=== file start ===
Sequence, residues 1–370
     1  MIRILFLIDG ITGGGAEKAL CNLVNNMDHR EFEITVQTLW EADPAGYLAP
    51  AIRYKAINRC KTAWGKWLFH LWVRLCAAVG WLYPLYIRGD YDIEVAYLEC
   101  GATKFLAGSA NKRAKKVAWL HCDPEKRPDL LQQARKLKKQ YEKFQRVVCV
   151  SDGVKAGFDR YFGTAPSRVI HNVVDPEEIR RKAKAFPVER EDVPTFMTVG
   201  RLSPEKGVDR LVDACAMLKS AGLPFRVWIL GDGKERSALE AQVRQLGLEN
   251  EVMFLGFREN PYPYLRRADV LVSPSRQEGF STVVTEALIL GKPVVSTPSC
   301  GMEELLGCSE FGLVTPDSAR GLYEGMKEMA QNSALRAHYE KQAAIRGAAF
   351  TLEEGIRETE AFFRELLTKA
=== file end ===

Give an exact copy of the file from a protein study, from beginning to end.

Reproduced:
Sequence, residues 1–370
     1  MIRILFLIDG ITGGGAEKAL CNLVNNMDHR EFEITVQTLW EADPAGYLAP
    51  AIRYKAINRC KTAWGKWLFH LWVRLCAAVG WLYPLYIRGD YDIEVAYLEC
   101  GATKFLAGSA NKRAKKVAWL HCDPEKRPDL LQQARKLKKQ YEKFQRVVCV
   151  SDGVKAGFDR YFGTAPSRVI HNVVDPEEIR RKAKAFPVER EDVPTFMTVG
   201  RLSPEKGVDR LVDACAMLKS AGLPFRVWIL GDGKERSALE AQVRQLGLEN
   251  EVMFLGFREN PYPYLRRADV LVSPSRQEGF STVVTEALIL GKPVVSTPSC
   301  GMEELLGCSE FGLVTPDSAR GLYEGMKEMA QNSALRAHYE KQAAIRGAAF
   351  TLEEGIRETE AFFRELLTKA